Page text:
Dundonald Links originally set out to be part of a golf and residential complex called Southern Gailes but when that didn’t happen, Loch Lomond Golf Club stepped in to snap up the course for its members in 2003, commissioning Kyle Phillips to put the finishing touches to the design.
Dundonald translates to “Fort Donald” and fortifications have been located near here dating as far back as 200 BC. A golf course existed on the site in the 1900s but this was later turned into a military station named Dundonald Camp. It was here that D-Day landings were rehearsed during the Second World War.
Lying next to the long established courses of Kilmarnock Barassie, Glasgow Gailes and Western Gailes, Dundonald is obviously situated in prime golfing country. The course yardage can vary from 6,415 to 7,300 yards so it can be played as a comfortable member course or as a championship venue.
Only opened in 2005, Dundonald has since proved to be a links of some repute and was the proud host venue for the 2017 Scottish Open, which Rafa Cabrera-Bello won in a play-off. If you like the pampering that goes with golf at the top tracks then this is the place to enjoy such millionaire’s golf for a relatively modest green fee.
The Dundonald experience begins at the gatehouse when the security man lifts the barrier to let you in – everyone from then on seem to know your name. It’s a mirror of the treatment you get at Loch Lomond, but the course here on the Ayrshire coast is a true links layout and the polar opposite of the private layout on the shores of the famous loch.
I agree with most of the writers observations. The course did set up well for the Ladies Scottish Open, and will host the Men's next year, when we will see the back tees come into their own, setting a stiff challenge for the professionals.
Inevitably we have the Loch Lomond brand and dynamism of Kevin Gyle competing against the established tradition and natural wonder of Western Gailes. Off the record, we were informed that the owners are trying to sell the Dundonald. It’s no secret that Loch Lomond is struggling financially and it is likely that they are trying to offload what is considered to be the member’s winter course. Read what you will into these rumours and stories but if the outcome is a £30 green fee (applicable Monday to Friday for post 15:00 tee times) then you won’t catch me complaining.
The course itself is a delight to play. Previous complaints about immaturity can be dismissed as you would never now that Dundonald is a relatively young course. It plays like a dream and seems to naturally unfold as you meander through the fairways and surrounding dunes. The greens are of exceptional quality and struck me as being extremely versatile. The pin positions were rather conservative during my visit but the potential to crank it up a notch was more than evident given the complexity of many of the greens.
You cannot review Dundonal without mentioning the bunkers as it presents some of the fiercest, cavernous, gaping black holes that I have ever come across. Truly daunting and wickedly located. There is a plentiful abundance of potential to hold a EPGA event on this links. Contrary to what some may suggest there is nothing overly contrived about Dundonald. Granted it does not have the sea views of Western Gailes that seem to augment the organic experience but it does not play or feel like a manufactured links.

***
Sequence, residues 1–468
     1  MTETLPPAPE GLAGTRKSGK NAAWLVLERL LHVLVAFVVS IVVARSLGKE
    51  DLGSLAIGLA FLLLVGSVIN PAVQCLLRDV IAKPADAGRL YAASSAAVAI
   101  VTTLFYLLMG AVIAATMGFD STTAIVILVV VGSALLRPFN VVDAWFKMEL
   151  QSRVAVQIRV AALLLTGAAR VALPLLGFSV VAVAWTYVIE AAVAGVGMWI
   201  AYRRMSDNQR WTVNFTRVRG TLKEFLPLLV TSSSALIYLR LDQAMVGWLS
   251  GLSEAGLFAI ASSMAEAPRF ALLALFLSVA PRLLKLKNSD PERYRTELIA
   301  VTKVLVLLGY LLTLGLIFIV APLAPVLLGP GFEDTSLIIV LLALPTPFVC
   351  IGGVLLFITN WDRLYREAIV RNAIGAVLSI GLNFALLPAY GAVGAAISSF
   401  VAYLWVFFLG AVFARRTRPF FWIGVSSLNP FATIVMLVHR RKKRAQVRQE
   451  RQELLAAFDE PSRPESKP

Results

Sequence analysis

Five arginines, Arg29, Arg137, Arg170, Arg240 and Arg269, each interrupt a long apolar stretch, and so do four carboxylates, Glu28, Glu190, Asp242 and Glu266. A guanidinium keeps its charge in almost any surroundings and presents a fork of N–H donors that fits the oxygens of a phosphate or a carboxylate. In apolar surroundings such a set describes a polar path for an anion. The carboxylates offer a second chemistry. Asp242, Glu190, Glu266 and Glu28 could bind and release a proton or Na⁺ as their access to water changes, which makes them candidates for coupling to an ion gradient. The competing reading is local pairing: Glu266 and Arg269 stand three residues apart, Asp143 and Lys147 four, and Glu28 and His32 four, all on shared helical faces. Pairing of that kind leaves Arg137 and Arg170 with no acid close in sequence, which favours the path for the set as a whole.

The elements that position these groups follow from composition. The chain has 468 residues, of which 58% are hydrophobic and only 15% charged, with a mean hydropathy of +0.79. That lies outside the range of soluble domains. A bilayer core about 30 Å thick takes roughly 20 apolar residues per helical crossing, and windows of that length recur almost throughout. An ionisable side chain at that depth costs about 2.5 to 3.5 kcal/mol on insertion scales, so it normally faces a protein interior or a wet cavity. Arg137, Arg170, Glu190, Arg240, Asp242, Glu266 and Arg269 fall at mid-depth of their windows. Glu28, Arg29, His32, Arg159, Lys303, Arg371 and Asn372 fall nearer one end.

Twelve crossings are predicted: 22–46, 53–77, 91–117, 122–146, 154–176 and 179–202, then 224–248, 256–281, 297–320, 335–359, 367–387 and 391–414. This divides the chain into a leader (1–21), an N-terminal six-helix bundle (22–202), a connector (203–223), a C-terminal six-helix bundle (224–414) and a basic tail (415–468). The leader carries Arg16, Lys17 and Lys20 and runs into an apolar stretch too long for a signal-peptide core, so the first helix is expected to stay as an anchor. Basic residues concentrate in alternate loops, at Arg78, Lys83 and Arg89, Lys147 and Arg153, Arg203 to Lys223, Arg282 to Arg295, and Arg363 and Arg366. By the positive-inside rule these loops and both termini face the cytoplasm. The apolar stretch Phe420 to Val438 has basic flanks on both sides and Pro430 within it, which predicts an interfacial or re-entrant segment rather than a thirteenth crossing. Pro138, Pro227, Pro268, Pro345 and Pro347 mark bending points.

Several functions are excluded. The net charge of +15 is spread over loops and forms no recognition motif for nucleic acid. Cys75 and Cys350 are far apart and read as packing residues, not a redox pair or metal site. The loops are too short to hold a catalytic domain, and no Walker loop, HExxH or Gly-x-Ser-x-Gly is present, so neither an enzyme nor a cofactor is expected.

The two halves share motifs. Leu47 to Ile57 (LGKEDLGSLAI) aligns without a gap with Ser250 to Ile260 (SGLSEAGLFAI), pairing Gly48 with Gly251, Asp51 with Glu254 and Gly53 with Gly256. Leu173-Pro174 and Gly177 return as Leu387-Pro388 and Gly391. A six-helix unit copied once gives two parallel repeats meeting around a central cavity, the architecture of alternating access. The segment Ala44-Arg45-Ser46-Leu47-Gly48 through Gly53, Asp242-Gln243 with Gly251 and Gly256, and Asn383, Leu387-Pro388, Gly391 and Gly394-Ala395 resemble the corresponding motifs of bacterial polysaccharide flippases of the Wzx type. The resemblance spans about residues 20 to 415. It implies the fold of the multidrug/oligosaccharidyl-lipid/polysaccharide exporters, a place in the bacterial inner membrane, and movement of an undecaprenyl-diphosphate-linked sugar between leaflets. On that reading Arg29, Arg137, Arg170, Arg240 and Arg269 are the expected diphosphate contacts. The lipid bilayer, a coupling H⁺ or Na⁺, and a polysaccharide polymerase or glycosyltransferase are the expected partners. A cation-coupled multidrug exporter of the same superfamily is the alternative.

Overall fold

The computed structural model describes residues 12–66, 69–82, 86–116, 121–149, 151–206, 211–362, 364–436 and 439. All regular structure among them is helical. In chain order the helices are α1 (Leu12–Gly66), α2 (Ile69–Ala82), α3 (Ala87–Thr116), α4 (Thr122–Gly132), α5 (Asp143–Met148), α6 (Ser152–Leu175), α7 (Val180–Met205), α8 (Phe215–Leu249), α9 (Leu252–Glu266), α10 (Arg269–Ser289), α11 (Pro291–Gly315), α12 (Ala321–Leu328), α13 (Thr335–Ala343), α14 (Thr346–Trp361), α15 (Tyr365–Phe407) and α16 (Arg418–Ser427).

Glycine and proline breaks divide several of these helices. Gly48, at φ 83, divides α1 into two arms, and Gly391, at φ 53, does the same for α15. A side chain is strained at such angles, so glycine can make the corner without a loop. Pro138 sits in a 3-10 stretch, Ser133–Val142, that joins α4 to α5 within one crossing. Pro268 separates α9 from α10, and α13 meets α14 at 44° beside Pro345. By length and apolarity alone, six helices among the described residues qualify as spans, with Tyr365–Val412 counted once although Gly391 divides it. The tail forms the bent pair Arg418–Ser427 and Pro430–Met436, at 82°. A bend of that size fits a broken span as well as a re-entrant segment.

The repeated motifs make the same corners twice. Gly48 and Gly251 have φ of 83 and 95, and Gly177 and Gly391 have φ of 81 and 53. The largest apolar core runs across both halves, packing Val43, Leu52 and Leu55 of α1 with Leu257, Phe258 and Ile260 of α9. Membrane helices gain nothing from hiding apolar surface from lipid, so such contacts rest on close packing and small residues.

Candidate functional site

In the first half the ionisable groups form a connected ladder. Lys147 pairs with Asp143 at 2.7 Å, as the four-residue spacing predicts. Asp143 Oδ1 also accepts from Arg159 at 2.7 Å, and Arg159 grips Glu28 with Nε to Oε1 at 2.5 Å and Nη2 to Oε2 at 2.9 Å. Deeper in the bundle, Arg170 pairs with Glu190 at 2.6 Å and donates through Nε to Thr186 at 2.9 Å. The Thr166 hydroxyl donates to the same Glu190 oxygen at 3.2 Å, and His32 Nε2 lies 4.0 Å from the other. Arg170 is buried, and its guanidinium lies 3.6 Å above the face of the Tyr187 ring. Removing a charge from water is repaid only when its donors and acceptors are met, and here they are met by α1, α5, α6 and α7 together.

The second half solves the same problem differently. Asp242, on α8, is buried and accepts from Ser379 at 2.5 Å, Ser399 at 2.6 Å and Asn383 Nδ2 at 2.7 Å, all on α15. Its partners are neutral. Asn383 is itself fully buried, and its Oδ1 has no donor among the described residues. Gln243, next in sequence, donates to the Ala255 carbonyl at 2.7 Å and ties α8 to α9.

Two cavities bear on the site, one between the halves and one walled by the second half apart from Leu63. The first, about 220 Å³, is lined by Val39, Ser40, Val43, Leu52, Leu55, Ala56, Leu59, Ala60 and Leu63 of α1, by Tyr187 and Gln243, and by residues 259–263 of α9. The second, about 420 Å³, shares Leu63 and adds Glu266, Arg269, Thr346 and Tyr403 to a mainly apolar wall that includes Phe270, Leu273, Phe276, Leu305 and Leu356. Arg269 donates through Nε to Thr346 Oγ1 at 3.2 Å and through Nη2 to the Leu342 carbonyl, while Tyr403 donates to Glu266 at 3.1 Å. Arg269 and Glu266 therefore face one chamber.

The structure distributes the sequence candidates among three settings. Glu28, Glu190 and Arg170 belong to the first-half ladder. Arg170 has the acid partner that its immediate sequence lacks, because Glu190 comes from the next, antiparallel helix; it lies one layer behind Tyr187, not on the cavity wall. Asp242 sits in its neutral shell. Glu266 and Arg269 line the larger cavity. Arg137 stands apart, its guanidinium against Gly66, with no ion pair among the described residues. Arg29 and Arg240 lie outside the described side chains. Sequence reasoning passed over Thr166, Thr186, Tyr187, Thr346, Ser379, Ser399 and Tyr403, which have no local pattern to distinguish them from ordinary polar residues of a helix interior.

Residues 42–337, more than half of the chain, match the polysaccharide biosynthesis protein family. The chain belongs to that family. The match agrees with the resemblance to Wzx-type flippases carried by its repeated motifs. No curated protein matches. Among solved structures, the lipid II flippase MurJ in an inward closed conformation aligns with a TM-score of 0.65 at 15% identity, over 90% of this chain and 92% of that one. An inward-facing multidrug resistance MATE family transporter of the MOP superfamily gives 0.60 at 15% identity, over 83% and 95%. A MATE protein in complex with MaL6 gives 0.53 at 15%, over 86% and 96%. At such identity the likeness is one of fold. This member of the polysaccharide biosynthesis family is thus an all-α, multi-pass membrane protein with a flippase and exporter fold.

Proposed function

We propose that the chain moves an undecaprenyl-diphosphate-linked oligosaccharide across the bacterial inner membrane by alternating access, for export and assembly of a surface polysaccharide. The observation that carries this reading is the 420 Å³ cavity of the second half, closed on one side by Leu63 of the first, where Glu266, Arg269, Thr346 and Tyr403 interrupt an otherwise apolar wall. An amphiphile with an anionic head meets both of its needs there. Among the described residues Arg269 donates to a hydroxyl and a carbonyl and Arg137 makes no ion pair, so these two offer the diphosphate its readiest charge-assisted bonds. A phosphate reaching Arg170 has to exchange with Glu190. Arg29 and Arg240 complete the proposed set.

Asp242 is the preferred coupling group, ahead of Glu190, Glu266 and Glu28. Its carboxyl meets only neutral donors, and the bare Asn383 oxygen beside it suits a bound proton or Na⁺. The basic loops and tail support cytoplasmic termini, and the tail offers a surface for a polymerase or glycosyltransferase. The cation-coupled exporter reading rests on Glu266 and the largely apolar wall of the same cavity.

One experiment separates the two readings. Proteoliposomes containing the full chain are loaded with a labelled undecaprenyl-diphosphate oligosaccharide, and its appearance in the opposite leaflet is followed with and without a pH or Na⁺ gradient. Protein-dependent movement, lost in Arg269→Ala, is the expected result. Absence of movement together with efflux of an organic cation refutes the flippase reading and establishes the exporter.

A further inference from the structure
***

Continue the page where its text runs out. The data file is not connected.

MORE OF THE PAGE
There are plenty of memorable holes with three of the four par 3’s being of exceptional quality. The 6th. 11th and 16th demand the type of shot that makes me play this beautiful game. As you stand on these Tee’s you are presented with a jaw droopingly inviting shot full of risk and reward. Exactly what a par 3 should offer. I all too easily fell into the trap of grabbing the driver out of the bag and blasting into the unknown when faced with the unfamiliar. There is far more to this course thatn meets the eye and in retrospect I wish I had thought a touch more strategically from the tee and I may of kept the ball in play and carded a half decent score. It’s tough in parts with the back 9 being much harder. I didn’t play anywhere near my handicap but still cannot wait to return. Given time this course will close the perceived gap between its alleged more illustrious neighbour and it will certainly rise up this top 100 list.
The short holes are an excellent mix and it is worth highlighting the 15th - A long carry with a fearsome greenside bunker located deep beneath the raised putting surface. This would grace any open championship track and would be the potential "card wrecker" for any great score coming in. The shortest of the par 3's are the 7th and the 11th. Both are well protected, but the 11th plays straight into the wind (as you head toward the sea). Taking a wedge and lobbing It high in the air is not the shot, but from a tee not much more than a100yards it is hard to tell yourself to do any different!! As you head down the 12th you only see glimpses of the sea, however what the Gailes loses and Dundonald gains is its abundance of pine trees which provide an attractive routing and backdrop to many of the holes. A number of par 4's and 5's are framed beautifully and are toughened by the meandering burn which is a feature of the course. The 2nd, 9th, 14th and 16th capture the pleasure of pine mixed with links with clever use of bunkering along the fairways and around the greens.
As a course we were left feeling that Dundonald rightly commands its place in the Top 100 and compliments the traditional Western Gailes experience. The staff at Dundonald made us feel very welcome and as a package it should be on your play list when visiting the west coast of Scotland. Ian Henley